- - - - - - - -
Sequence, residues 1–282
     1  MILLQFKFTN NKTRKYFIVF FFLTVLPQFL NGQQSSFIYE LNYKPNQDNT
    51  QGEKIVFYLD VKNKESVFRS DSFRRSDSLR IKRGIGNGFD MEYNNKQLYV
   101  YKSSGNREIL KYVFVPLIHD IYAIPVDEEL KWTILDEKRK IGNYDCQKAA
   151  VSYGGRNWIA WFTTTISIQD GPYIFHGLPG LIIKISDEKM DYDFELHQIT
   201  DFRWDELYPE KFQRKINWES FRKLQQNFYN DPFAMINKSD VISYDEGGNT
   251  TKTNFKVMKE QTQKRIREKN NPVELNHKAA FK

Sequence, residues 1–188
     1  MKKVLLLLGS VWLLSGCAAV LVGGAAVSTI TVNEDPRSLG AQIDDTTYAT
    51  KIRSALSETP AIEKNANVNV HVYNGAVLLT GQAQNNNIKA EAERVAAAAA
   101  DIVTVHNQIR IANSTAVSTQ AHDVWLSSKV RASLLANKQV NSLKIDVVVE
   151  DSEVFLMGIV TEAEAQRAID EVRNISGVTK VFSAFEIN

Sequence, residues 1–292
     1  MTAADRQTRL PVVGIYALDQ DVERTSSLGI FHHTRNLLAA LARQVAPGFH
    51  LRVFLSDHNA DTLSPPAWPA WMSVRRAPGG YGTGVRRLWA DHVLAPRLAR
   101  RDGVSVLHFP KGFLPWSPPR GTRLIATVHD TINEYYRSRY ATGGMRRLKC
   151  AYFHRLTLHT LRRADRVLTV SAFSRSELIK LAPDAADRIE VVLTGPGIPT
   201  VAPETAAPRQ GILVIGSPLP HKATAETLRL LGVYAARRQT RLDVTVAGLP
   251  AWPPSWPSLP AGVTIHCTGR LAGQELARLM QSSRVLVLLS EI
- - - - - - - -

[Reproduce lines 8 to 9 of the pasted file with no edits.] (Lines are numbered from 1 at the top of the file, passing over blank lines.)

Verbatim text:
Sequence, residues 1–188
     1  MKKVLLLLGS VWLLSGCAAV LVGGAAVSTI TVNEDPRSLG AQIDDTTYAT